Skip to Main Content

  icon Rare
  icon Not so common
  icon Common
  icon Low morbidity
  icon Considerable morbidity
  icon Serious

++

ICD-9 : 287.31 • ICD-10 : D69.3   Image not available. Image not available. Image not available. Image not available.

++

  • Thrombocytopenic purpura (TP) is characterized by cutaneous hemorrhages occurring in association with a reduced platelet count.
  • Hemorrhages are usually small (petechiae) but at times larger (ecchymoses).
  • Occur at sites of minor trauma/pressure (platelet count < 40,000/μL) or spontaneously (platelet count < 10,000/μL).

++

Epidemiology

++

Age of Onset

++

Acute idiopathic thrombocytopenic purpura (ITP) mostly in children; drug-induced and autoimmune TP in adults.

++

Sex

++

Both sexes; HIV-associated TP—homosexual men > heterosexual females.

++

Etiology and Pathogenesis

++

Due to either decreased platelet production, splenic sequestration, or increased platelet destruction.

++

  1. Decreased platelet production. Direct injury to bone marrow, drugs (cytosine arabinoside, daunorubicin, cyclophosphamide, busulfan, methotrexate, 6-mercaptopurine, vinca alkaloids, thiazide diuretics, ethanol, estrogens), replacement of bone marrow, aplastic anemia, vitamin deficiencies, Wiskott-Aldrich syndrome.

  2. Splenic sequestration. Splenomegaly, hypothermia.

  3. Increased platelet destruction. Immunologic: autoimmune TP, drug hypersensitivity (sulfonamides, quinine, quinidine, carbamazepine, digitoxin, methyldopa), after transfusion. Nonimmunologic: infection, prosthetic heart valves, disseminated intravascular coagulation, thrombotic thrombocytopenic purpura.

++

Platelet plugs by themselves effectively stop bleeding from capillaries and small blood vessels but are incapable of stopping hemorrhage from larger vessels. Platelet defects therefore produce problems with small-vessel hemostasis, small hemorrhages in the skin or in the CNS.

++

Clinical Manifestation

++

Usually sudden appearance of asymptomatic hemorrhagic skin and/or mucosal lesions.

++

Skin Lesions

++

Petechiae—small (pinpoint to pinhead), red, nonblanching macules that are not palpable and turn brown as they get older (Fig. 19-1); later acquiring a yellowish-green tinge. Ecchymoses—black-and-blue spots; larger area of hemorrhage. Vibices—linear hemorrhages (Fig. 19-1), due to trauma or pressure. Most common on legs and upper trunk, but may be anywhere.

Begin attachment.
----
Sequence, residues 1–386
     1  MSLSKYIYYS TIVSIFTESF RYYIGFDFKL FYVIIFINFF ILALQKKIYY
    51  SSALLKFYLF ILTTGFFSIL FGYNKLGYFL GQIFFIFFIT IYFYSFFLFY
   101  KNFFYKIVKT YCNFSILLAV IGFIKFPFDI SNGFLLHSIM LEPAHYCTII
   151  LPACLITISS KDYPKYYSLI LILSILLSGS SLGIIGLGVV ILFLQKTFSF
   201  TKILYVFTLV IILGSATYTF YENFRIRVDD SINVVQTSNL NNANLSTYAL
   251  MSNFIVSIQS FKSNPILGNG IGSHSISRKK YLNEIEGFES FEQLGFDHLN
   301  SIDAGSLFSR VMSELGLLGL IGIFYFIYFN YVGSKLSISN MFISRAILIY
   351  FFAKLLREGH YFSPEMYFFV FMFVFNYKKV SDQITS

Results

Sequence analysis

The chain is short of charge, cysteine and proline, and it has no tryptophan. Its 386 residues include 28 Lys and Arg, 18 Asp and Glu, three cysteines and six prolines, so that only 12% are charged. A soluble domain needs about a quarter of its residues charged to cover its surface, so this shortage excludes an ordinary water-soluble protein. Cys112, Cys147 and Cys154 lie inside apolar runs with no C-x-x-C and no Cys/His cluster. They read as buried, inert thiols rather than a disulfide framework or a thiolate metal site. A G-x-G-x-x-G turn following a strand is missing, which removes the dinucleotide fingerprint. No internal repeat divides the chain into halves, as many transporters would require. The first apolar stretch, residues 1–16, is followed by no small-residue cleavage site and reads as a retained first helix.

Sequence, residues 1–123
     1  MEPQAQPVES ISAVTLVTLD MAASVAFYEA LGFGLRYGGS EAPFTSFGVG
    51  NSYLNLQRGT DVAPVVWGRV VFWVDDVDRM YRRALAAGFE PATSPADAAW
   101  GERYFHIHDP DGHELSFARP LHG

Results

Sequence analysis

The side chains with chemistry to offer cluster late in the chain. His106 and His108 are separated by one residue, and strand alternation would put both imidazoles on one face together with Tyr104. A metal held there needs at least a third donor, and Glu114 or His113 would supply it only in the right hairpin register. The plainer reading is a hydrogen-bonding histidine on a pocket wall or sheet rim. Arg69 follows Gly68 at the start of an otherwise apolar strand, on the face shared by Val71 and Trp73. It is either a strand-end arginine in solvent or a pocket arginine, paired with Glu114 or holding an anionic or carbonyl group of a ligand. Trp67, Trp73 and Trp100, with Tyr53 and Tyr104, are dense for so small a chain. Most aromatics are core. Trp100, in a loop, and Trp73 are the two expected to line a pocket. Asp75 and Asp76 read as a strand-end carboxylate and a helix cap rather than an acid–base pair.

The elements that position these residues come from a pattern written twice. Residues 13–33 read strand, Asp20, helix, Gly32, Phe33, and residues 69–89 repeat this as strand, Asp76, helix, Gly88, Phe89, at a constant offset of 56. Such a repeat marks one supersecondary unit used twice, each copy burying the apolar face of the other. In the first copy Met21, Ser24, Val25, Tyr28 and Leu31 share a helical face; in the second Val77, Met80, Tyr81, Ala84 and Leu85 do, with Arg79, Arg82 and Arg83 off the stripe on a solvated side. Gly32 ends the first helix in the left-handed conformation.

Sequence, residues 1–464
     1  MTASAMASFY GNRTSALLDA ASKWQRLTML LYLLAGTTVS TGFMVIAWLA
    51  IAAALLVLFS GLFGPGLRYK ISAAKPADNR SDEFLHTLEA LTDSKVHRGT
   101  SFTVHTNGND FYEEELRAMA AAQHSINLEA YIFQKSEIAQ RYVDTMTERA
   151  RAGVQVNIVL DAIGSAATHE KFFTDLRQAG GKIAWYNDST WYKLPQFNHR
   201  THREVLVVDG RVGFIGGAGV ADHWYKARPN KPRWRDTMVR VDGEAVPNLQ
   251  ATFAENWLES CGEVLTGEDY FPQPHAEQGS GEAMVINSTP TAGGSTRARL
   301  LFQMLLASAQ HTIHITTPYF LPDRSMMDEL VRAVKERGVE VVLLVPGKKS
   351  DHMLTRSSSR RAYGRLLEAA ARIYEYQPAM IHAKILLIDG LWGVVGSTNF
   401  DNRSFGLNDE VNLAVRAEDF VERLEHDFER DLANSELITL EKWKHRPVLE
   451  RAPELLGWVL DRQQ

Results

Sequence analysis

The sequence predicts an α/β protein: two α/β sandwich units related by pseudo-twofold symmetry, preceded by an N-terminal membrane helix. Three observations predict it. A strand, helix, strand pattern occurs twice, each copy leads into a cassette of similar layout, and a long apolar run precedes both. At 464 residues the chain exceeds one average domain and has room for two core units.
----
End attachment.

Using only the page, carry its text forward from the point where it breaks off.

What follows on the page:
++
Figure 19-1
Graphic Jump Location

Thrombocytopenic purpura Multiple petechiae on the upper arm of an HIV-infected 25-year-old male were the presenting manifestation of his disease. The linear arrangement of petechiae at the site of minor trauma are called vibices.

++
Mucous Membranes
++

Petechiae—most often on palate (Fig. 19-2), gingival bleeding.

++
Figure 19-2
Graphic Jump Location

Thrombocytopenic purpura Can first manifest on the oral mucosa or conjunctiva. Here multiple petechial hemorrhages are seen on the palate.

++
General Examination
++

Possible CNS hemorrhage, anemia.

++

Laboratory Examinations

++

Hematology

++

Thrombocytopenia.

++

Bone Marrow Aspiration

++

Defines state of platelet production.

++

Serology

++

Rule out HIV disease.

++

Lesional Skin Biopsy

++

May be contraindicated due to postoperative hemorrhage; however, usually can be ...

Want remote access to your institution's subscription?

Sign in to your MyAccess profile while you are actively authenticated on this site via your institution (you will be able to verify this by looking at the top right corner of the screen - if you see your institution's name, you are authenticated). Once logged in to your MyAccess profile, you will be able to access your institution's subscription for 90 days from any location. You must be logged in while authenticated at least once every 90 days to maintain this remote access.

Ok

About MyAccess

If your institution subscribes to this resource, and you don't have a MyAccess profile, please contact your library's reference desk for information on how to gain access to this resource from off-campus.

Subscription Options

AccessEmergency Medicine Full Site: One-Year Subscription

Connect to the full suite of AccessEmergency Medicine content and resources including advanced 8th edition chapters of Tintinalli’s, high-quality procedural videos and images, interactive board review, an integrated drug database, and more.

$595 USD
Buy Now

Pay Per View: Timed Access to all of AccessEmergency Medicine

24 Hour Subscription $34.95

Buy Now

48 Hour Subscription $54.95

Buy Now

Pop-up div Successfully Displayed

This div only appears when the trigger link is hovered over. Otherwise it is hidden from view.